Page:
Mayor Barrett and County Exec Walker on the Future of Mass Transit in Milwaukee

Milwaukee Mayor Tom Barrett and Milwaukee County Exec Scott Walker laid out their visions for the future of mass transportation in Milwaukee at today’s On the Issues with Mike Gousha program at the Law School. (A podcast is here.) The transportation issue invites vision statements in part because $91.5 million in federal funds are set aside for mass transit in Milwaukee and in part because Milwaukee’s once prized transit system is badly broken. Without an agreement between Barrett and Walker, the federal funds are unlikely to be released. But an agreement between those leaders will be hard to come by: the mayor looks to cities that are growing and thriving and sees rail service as a key component of the local transportation strategy; the county exec looks at Milwaukee’s deteriorating bus system and wants those federal funds to shore up and improve county bus transportation.

Where Barrett sees local rail service as a critical economic development tool that can invigorate the region, Walker sees inflexible routes and minimal practical benefit. Where Walker sees improved bus service as a reliable system for moving workers and students, Barrett sees a county bus system that is in a “death spiral” which cannot be fixed just with more buses.

Mike Gousha’s invitation to Barrett and Walker to compromise drew fascinating responses. Barrett said he would gladly split the money in half, so each could pursue his own vision. Walker said that plan would cost the county some state aid, so he wouldn’t agree. Walker said that he and Barrett both favored “bus rapid transit” on two particular routes, so funding those would be a compromise. Barrett noted that this is a bus-only plan and therefore is not a compromise.

The capacity of these two political leaders to hold each other and our future in check on this issue was awesome to behold. Something is wrong, as almost everyone in the region has been saying for a while. Now if we could just agree on what it is.

This Post Has 3 Comments

  1. Paco Nava

    I agree that something is need of repair in the vast, ineffecient Milwaukee transit system I wonder, however, why this issue doesn’t receive more attention from the general public. With soaring gas prices and the threat of even higher prices in the years to come, why aren’t we thrashing the issue of public transit to investigate every possible opportunity for improvement? The day must come–indeed, it will come–when riding public transit will be not only a custom of the car-less, but a necessity for financial stability.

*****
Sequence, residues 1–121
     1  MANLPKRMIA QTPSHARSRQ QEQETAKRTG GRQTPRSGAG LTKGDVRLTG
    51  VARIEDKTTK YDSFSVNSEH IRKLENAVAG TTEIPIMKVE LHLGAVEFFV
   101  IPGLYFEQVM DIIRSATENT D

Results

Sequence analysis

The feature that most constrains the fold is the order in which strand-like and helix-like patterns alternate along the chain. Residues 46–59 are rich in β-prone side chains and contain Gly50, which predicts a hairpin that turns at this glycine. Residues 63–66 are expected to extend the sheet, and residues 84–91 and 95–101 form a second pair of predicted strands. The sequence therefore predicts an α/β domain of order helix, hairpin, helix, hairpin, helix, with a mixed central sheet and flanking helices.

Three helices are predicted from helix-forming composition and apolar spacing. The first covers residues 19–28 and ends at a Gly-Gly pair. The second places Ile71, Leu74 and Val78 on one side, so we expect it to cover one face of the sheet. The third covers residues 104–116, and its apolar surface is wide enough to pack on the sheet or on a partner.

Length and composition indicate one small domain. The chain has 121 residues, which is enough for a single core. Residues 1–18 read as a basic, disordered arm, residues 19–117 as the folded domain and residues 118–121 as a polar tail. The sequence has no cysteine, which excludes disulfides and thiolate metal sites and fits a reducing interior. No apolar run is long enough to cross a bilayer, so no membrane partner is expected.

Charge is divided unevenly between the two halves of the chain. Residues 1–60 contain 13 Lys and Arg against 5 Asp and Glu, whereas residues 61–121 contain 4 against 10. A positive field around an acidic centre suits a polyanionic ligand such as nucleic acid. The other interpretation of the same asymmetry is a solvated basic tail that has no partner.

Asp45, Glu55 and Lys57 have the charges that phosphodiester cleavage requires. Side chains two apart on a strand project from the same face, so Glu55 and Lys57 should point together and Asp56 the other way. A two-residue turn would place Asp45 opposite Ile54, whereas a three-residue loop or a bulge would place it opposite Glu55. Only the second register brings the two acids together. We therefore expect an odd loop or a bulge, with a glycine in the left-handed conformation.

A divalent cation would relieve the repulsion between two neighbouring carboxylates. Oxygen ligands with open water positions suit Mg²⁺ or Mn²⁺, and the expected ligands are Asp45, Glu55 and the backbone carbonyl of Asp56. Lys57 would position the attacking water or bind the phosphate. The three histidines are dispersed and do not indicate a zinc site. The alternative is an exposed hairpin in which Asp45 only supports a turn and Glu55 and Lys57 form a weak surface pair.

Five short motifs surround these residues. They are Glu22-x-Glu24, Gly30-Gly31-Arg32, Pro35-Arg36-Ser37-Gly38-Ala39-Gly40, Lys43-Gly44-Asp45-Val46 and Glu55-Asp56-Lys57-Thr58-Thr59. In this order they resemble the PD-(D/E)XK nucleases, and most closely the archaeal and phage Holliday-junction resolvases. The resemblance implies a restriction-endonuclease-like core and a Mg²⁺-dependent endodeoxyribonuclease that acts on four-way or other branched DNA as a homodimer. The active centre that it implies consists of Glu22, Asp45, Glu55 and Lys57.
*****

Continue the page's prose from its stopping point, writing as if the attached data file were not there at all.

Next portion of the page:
2. Steve CMare

    County Executive Walker seemed truly inflexible in his approach to the transit system. After the discussion, I am still not exactly sure why the executive has such a hardline opposition to light rail. I think the most telling moment of the entire event was when, after Mr. Walker touted the importance of the state study being done on the issue, Mike Gousha asked him what he would do if the study said that light rail was the answer. Mr. Walker’s response was “I’d say it was wrong.” It drew laughter from the crowd, but it underlined the fact that Walker really doesn’t care what happens, so long as light rail doesn’t happen.

  3. Vince Heine

    Light rail would be great, provided it is cost-effective and done correctly. The trolley car system in San Francisco used to be more developed than it is now, running very efficiently and picking people up every 7-11 minutes (if my memory is correct); of course then Alfred P. Sloan Jr., CEO of GM, bought them up and destroyed them, claiming the trollies weren’t running on time, etc. Then lo and behold, one of America’s first special interest/lobbying groups came about, the something-something highway group (memory not serving me well now), and it pushed for more roads to help sell more cars. Historical overview aside, why was Walker so opposed? Who does he work for? I wan’t there, but light rail seems like a great asset (again, if done properly) to the city. In fact, light rail could transform Milwaukee to the more modern city it could be.

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